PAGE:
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Mary Fuller


Mary Fuller (1888-1973)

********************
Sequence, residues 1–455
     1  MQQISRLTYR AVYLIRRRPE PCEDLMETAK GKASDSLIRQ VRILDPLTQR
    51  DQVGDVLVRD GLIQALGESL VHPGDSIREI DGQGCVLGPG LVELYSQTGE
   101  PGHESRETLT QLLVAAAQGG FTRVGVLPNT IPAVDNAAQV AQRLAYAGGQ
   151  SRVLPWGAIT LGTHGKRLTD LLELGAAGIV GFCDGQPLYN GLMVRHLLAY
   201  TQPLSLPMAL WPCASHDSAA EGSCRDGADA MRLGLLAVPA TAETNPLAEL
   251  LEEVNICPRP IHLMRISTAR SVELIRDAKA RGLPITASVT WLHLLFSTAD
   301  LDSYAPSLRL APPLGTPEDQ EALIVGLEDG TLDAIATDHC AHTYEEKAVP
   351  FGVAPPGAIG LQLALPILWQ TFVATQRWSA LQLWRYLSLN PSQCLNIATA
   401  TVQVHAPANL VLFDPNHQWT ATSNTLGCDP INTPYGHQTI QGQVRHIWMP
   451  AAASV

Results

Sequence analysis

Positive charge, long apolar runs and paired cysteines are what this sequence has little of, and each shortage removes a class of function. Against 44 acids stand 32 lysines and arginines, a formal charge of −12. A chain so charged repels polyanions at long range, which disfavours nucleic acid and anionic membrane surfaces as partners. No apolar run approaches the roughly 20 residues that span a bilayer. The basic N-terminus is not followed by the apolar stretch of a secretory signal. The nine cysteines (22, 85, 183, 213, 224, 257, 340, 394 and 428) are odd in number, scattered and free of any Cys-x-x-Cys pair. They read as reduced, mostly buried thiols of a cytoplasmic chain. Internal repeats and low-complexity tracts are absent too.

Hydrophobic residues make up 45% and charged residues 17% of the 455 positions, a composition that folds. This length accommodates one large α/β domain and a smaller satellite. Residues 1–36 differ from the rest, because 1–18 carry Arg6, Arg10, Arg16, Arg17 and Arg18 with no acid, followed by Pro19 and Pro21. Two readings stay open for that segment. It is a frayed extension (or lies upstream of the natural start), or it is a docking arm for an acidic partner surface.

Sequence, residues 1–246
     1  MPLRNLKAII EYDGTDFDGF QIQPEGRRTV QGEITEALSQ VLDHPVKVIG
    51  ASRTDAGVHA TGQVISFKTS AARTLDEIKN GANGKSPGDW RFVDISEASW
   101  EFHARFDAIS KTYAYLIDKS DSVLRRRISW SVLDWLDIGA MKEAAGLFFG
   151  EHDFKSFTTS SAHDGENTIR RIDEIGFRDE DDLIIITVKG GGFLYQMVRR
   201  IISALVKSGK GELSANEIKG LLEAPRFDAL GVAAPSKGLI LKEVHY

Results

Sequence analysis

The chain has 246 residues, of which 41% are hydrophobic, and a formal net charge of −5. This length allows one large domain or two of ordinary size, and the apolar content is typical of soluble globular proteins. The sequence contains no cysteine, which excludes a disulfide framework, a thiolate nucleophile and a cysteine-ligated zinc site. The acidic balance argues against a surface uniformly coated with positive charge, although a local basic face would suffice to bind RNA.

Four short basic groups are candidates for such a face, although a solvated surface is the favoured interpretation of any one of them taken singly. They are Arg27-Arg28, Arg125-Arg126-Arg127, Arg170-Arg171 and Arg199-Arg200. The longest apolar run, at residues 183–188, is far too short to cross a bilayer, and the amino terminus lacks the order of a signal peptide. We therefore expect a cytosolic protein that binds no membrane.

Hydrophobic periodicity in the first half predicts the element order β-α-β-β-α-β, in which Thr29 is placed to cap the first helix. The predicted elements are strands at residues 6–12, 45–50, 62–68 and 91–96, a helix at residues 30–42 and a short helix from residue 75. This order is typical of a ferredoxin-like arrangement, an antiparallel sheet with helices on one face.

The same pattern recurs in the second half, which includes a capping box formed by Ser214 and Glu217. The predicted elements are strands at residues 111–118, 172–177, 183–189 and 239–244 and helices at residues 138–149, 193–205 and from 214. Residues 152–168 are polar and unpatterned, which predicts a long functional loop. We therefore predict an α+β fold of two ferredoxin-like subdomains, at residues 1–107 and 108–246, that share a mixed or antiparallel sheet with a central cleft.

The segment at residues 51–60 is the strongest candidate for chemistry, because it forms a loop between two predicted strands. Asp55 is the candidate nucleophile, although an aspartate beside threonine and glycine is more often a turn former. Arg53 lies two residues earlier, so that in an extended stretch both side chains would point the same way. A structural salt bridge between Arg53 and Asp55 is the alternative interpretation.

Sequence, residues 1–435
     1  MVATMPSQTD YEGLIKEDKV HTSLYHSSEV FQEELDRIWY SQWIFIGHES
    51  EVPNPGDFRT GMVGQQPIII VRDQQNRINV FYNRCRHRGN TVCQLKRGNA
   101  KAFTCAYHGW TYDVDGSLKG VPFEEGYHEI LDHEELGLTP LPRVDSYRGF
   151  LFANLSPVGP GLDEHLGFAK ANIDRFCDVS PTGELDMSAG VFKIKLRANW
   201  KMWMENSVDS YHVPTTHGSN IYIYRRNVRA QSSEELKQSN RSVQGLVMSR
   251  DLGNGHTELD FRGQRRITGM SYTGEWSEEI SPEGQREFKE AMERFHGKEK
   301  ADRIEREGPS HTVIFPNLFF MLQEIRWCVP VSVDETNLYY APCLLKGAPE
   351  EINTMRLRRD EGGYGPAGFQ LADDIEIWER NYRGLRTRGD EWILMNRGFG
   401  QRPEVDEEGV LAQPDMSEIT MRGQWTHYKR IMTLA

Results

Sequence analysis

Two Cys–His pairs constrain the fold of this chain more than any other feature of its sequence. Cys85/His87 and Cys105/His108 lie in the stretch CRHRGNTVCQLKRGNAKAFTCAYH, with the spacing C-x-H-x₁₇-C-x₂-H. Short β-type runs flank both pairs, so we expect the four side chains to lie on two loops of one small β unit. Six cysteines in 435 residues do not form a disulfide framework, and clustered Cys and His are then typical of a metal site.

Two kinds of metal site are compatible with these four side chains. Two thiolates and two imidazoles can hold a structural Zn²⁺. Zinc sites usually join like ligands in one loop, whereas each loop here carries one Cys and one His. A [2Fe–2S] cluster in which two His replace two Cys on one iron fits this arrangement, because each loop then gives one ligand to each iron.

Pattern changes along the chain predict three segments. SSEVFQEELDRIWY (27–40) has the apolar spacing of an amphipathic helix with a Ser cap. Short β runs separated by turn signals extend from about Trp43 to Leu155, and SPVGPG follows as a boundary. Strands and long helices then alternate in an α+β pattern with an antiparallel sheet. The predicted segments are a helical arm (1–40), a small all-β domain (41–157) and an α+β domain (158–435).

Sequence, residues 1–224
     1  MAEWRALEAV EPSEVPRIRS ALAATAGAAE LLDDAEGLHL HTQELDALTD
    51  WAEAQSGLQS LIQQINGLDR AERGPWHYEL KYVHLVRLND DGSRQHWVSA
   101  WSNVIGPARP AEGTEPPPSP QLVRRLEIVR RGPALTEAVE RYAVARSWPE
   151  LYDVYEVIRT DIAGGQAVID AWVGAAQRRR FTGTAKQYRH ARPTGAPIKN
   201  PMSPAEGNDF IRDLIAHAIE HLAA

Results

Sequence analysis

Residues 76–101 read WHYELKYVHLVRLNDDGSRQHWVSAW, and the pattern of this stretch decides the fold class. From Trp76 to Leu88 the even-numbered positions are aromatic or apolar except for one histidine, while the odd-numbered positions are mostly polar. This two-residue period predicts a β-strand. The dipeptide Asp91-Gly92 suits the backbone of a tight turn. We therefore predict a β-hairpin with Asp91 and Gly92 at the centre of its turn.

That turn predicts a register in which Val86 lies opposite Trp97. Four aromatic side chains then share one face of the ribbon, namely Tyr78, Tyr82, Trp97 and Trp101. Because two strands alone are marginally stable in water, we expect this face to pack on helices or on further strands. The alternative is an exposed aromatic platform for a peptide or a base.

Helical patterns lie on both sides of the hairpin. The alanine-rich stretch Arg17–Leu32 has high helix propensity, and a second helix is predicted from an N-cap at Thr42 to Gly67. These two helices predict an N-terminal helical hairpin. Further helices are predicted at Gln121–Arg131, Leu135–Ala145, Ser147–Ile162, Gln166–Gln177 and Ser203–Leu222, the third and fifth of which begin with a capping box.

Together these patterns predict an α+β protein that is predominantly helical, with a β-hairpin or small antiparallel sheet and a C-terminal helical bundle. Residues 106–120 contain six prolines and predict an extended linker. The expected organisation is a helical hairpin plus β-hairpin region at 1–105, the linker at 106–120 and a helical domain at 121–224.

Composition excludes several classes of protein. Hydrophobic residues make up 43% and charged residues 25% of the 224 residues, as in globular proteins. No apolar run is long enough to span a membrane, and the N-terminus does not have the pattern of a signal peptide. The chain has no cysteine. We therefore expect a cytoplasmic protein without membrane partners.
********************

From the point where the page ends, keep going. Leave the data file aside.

After IMP created the first movie star in the publicity campaign around Florence Lawrence, other independent producers determined to create name female performers on the IMP-girl model. The Edison Company selected Mary Fuller to be the focus of its glorification. She had been a member of the Edison stock company in the late 1900s, appearing without credit as the central performer iin Van Dyne Brooke's 1908 "The Stage Struck Daughter" and Edwin S. Porter story shorts such as "The House of Cards" in 1909. Edison churned out a multitude of product in which she appeared until it decided to feature her in the recurring character of "Mary" in 1912. In "What Happened to Mary" and "Mary in Stage Land" a following was generated, causing the company to launch her in a longer (over three reel) feature, "Who Will Mary Mary" (1913). Edison's 'girl' was run through the anxiety mill and true to formula, a following was created. Fuller, however, was a more intelligent and demanding performer than Florence Lawrence. She decided to assert control over the features in which she appeared, supplying the scenario for the desert peril and romance story of "A Princess of the Desert" in late 1913. She also let it be known that she did not wish to be limited to being "Mary." The Edison executives, who preferred producing shorts to feature films, were willing to comply, starring Fuller in a multitude of short stories in which she appeared as princesses, spunky daughters, country lasses, aristocratic heiresses. Believing that they had saturated the public with her presence, Edison sold her contract to Victor. Immediately that film company took a more daring approach with her characterization presenting her in autumn of 1914 as "The Witch Girl" and "The Phantom Cracksman." 1915's allegorical "Everygirl" was among her most endearing presentations under the Victor brand. Yet Victor, like Edison, relegated her to shorts at a time when rival companies imbedded their female stars in feature length prestige releases. After two years of Victor shorts, Universal picked up her contract, featured her in several releases. Her inability to strike sparks with the photogenic leading man Lou Tellegen's 1917 western, "The Long Trail," spelled her doom at Universal. Her career ceased suddenly in 1917.  David S. Shields